- Tourists and residents were stranded Monday and Tuesday in areas near Yellowstone National Park.
- Officials were coordinating evacuations and deliveries of food, water and medicine.
- At least one roadway partially reopoened Tuesday afternoon.
- The flooding was a combination of rain and snowmelt.
Yellowstone National Park Tuesday afternoon, giving some tourists and residents potential floods caused by flood and melting snowpack.
Earlier, efforts were intended to evacuate tourists and deliver food, medicine and water to residents stranded in areas like Gardiner, Montana, on the north end of the park.
“Just don’t know how long people will be here, how long people will be stuck, there will be food, there will be water,” Gardiner, Montana, resident Schalene Darr told weather.com in an interview Tuesday afternoon. “There’s some anxiety that’s definitely going on.”
The unknown number of people were cut off from evacuation routes after the National Weather Service was “unprecedented” flooding roared through areas of southern Montana in and around Yellowstone National Park.
According to The Associated Press, it was not clear how many people could make it out that way. Authorities warned that driving was still dangerous.
There were no immediate reports of injuries or deaths. A body was found in the Yellowstone River about 50 miles north near Bozeman Tuesday, but officials said it was not connected to flooding or not.
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Montana Governor Greg Gianforte declared a statewide disaster over the flood that turned Gardiner and other areas into islands between washed-out bridges and highways
“From the Mammoth to Gardiner, which is probably about a thousand feet elevation difference, coming down that canyon there, it’s a total loss.”
Desperate tourists asking for help took to social media. They were not comfortable staying in the tiny town. Local charter airline company.
Mitch Edwards, a pilot for Ridgeline Aviation in Gardiner, told weather.com he received about 25 calls in 30 minutes Tuesday morning from people wanting to fly out of the area.
The Billings Gazette reported, citing a news release from park officials.
The news release also said the park will work to resupply Gardiner residents with food, water and medicine and to evacuate tourists. The local water supply was contaminated and not safe to drink.
One video showed a plunging home into the Yellowstone River in Gardiner. Monday Another showed roads completely washed out inside the national park.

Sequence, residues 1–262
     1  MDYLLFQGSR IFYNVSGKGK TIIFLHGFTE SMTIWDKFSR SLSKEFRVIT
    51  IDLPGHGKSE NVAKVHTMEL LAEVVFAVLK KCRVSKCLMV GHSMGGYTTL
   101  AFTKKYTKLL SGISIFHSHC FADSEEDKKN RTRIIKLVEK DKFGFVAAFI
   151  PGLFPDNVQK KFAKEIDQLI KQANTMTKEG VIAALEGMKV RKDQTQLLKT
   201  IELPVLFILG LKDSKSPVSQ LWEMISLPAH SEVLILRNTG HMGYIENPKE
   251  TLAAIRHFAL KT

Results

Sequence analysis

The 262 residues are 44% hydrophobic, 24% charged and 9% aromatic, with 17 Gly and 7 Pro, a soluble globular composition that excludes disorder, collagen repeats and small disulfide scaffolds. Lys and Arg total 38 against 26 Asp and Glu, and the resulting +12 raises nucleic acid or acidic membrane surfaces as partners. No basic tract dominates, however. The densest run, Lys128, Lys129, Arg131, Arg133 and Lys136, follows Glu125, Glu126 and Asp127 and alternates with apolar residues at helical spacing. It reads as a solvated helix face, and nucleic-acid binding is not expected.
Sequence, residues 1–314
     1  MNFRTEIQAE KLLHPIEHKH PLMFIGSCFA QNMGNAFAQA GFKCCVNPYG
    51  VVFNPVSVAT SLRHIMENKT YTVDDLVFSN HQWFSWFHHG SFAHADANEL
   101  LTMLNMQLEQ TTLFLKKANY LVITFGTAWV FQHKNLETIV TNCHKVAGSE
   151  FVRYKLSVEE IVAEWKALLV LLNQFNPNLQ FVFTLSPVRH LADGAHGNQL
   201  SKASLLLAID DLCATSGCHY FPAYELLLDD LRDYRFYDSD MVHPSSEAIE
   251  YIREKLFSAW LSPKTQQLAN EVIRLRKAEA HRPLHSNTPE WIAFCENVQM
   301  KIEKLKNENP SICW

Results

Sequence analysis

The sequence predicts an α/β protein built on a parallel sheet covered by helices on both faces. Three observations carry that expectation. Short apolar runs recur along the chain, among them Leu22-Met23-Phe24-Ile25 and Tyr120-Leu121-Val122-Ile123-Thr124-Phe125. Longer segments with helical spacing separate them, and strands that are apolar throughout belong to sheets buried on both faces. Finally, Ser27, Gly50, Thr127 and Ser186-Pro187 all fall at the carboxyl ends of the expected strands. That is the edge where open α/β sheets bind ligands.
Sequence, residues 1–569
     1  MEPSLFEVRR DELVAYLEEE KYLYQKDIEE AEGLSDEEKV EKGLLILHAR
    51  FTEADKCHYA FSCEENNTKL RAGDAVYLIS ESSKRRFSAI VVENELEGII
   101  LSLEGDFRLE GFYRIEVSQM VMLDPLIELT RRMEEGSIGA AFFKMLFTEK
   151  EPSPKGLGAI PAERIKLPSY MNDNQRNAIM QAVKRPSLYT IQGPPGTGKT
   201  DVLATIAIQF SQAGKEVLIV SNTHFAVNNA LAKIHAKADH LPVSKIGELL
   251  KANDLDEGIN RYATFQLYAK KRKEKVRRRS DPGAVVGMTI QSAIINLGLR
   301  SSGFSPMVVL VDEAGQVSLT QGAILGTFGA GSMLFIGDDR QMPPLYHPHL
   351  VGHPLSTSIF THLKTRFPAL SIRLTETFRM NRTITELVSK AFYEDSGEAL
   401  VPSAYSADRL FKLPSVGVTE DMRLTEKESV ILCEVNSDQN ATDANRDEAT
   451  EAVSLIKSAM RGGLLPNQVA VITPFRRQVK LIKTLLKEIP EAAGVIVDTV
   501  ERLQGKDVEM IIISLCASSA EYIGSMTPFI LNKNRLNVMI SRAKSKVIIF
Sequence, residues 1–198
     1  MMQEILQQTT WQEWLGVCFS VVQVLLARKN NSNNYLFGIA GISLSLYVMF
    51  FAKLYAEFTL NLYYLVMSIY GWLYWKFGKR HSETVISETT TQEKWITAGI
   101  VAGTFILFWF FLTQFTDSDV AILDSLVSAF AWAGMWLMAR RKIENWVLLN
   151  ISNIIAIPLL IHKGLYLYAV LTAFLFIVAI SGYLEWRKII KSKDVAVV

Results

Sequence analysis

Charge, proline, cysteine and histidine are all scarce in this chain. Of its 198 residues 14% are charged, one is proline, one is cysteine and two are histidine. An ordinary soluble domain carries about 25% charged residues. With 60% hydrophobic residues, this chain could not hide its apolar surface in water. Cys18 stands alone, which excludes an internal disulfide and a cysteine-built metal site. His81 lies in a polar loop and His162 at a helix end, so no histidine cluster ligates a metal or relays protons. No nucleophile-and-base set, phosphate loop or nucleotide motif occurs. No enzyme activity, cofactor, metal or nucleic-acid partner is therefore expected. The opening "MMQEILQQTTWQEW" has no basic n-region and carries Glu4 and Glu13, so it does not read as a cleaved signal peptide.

The communities of Red Lodge and Fishtail were also flooded.
Some evacuation orders were lifted, but others remained in effect Tuesday.
“It’s still a river flowing” down the streets, local resident John Clayton, whose house was flooded, told the Billings Gazette. “But it’s an almost fordable river now.”
The hospital in Livingston, Montana, closed at about 10 pm Monday night as floodwaters crept into the parking lot, according to the Gazette.
Yellowstone sits mostly in Wyoming but also stretches into Montana and Idaho. It was the first national park in the United States and remains one of the most popular. More than 5 million people visited the park last year, according to statistics from the National Park Service. June is one of the peak months for tourism in the park and surrounding areas, with about 1 million visitors recorded during the month last year.
Areas in the Beartooth and Absaroka mountains, on the north side of the park, received up to 5 inches of rain from Friday through Monday, according to the National Weather Service. That, combined with 2 to 5 inches of spring snowmelt, led to about 4 to 9 inches of extra water flowing into local waterways.
“This flood is rarely or never seen before many areas and streams,” a report from the NWS said.
While the rain ended and cooler temperatures moved in Tuesday, the NWS said the Clarks Fork Yellowstone River and its tributaries will continue to run high as the water moves through the system. A flood advisory was in effect until 10 pm MDT.
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